In Asuncion vs. NLRC,4 the Court ruled that perfection of an appeal within the statutory or reglementary period is not only mandatory but also jurisdictional and failure to do so renders the questioned decision final and executory as to deprive the appellate court of jurisdiction to alter the final judgment, much less to entertain the appeal. In the recently decided case of Aboitiz Shipping Employees Association v. Trajano,5 it was pointed out therein that, except for correction of clerical errors or the making of nunc pro tunc entries which cause no prejudice to any party or where the judgment is void, after the judgment has become final and executory, the same can neither be amended nor altered even if the purpose is to correct a perceived conclusion of fact or of law. This is true regardless of whether the modification is to be made by the magistrate that rendered the judgment, or by the appellate magistrate that reviewed the same. Indeed, all litigation must come to an end however unjust the result of error may appear. Otherwise, litigation would even be more intolerable than the wrong or injustice it is designed to correct. (Emphasis supplied)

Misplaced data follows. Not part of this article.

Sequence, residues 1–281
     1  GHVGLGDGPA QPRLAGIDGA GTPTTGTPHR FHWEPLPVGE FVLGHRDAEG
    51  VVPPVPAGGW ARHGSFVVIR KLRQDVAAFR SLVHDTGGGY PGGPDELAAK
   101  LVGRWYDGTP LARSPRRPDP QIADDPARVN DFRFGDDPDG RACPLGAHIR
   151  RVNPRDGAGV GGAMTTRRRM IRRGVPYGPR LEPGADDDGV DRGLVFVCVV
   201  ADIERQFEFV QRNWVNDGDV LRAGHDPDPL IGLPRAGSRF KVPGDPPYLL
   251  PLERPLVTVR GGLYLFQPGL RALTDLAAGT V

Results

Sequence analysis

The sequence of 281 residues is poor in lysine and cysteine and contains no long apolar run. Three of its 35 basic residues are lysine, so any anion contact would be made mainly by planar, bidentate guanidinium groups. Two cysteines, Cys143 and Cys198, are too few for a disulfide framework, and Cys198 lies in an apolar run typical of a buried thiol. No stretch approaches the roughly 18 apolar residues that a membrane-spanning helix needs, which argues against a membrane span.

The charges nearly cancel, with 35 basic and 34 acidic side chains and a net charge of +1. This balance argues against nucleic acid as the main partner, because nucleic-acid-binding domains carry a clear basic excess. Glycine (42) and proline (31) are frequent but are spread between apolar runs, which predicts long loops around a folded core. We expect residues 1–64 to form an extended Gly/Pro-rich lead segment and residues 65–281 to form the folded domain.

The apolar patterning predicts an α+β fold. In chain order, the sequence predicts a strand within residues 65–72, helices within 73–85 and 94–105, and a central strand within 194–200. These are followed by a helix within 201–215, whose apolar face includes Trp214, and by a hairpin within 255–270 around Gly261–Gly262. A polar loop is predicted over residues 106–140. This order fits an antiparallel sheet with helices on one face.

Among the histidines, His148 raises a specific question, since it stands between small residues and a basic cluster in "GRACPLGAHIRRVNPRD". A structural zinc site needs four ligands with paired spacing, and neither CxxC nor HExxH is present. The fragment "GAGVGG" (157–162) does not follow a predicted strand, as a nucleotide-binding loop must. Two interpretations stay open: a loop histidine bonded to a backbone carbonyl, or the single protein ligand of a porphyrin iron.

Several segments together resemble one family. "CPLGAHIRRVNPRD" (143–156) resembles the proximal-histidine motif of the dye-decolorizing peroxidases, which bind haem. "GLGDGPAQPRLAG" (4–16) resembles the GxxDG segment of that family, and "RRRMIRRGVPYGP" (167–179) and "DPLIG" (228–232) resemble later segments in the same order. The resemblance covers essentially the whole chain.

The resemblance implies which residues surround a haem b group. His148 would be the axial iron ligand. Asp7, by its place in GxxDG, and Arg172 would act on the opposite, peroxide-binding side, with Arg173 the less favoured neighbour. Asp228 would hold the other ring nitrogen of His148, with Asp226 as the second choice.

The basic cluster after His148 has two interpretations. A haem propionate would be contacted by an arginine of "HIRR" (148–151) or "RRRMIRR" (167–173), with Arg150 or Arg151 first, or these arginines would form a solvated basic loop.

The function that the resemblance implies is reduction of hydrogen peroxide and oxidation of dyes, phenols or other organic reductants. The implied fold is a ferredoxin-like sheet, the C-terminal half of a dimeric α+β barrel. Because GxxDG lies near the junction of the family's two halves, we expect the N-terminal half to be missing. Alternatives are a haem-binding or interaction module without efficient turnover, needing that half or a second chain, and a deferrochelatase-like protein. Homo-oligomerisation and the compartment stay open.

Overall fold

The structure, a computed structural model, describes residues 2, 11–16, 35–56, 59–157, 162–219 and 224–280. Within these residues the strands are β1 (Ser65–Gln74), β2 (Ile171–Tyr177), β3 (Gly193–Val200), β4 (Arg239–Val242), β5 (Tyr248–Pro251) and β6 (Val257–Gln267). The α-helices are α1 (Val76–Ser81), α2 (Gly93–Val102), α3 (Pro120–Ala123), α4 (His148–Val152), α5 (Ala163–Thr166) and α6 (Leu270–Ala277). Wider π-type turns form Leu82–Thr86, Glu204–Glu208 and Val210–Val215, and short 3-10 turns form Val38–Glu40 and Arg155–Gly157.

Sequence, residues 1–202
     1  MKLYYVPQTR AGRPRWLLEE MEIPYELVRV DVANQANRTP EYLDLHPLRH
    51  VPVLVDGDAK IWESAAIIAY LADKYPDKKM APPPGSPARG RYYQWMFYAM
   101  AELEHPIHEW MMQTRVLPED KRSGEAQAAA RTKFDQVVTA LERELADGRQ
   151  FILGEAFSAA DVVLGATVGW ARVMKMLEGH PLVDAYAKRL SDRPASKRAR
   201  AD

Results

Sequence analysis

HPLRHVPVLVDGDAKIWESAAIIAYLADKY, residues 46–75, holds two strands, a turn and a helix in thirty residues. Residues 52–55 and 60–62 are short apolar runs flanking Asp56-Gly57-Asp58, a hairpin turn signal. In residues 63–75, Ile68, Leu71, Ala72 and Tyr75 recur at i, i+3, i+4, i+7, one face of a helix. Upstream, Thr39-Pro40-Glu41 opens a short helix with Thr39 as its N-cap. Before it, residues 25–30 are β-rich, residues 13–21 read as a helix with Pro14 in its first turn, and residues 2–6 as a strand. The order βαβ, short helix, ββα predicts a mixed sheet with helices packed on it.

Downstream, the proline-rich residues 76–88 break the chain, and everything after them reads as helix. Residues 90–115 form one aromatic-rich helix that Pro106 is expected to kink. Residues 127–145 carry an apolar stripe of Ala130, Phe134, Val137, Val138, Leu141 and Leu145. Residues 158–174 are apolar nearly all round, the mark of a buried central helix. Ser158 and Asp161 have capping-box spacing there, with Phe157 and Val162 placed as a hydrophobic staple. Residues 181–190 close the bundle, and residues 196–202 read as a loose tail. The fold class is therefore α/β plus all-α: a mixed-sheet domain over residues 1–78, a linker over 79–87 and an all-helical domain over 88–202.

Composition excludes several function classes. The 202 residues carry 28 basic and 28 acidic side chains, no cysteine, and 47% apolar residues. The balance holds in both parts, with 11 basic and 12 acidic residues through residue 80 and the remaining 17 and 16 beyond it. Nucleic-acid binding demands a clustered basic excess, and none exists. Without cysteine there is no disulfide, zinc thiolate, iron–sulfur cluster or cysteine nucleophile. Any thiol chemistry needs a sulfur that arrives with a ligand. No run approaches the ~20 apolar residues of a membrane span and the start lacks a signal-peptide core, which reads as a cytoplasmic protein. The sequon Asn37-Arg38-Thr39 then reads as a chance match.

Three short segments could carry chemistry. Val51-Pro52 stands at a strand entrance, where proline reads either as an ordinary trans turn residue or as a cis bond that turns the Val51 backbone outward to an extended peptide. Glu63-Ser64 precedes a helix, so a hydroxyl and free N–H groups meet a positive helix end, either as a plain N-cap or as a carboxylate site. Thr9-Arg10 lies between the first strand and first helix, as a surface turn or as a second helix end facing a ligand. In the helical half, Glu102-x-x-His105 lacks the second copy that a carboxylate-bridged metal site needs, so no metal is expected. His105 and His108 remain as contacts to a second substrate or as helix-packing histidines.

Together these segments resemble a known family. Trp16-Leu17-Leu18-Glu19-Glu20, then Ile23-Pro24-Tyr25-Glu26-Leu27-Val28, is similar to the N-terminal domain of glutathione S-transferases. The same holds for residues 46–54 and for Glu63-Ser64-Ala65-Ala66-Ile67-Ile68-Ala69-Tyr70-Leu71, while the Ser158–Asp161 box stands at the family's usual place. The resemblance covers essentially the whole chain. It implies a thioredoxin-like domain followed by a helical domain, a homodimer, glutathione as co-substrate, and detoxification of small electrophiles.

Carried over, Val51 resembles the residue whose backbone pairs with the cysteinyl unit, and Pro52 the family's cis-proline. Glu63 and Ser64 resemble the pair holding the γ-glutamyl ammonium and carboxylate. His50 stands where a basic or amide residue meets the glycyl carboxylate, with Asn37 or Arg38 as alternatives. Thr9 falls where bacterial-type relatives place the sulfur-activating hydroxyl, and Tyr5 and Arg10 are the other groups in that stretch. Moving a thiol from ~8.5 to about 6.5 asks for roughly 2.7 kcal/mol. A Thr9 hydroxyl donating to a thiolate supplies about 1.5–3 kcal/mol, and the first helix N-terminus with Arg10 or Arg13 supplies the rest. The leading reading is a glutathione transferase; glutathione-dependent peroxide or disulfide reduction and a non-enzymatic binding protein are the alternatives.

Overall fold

WHEREFORE, in view of the foregoing, the instant petition is DISMISSED and the February 23, 1993 decision of respondent National Labor Relations Commission is AFFIRMED with the modification that the award of backwages be DELETED. Costs against petitioner.

SO ORDERED.

Narvasa, C.J., Melo and Francisco, JJ., concur.

Panganiban, J., took no part.

Footnotes

1 Abad v. Somera, 187 SCRA 75 (1990).

2 Rollo, p. 77.

3 Article 279 of the Labor Code, as amended.

4 G.R. No. 109311, June 17, 1997.

5 G.R. No. 112955, September 1, 1997.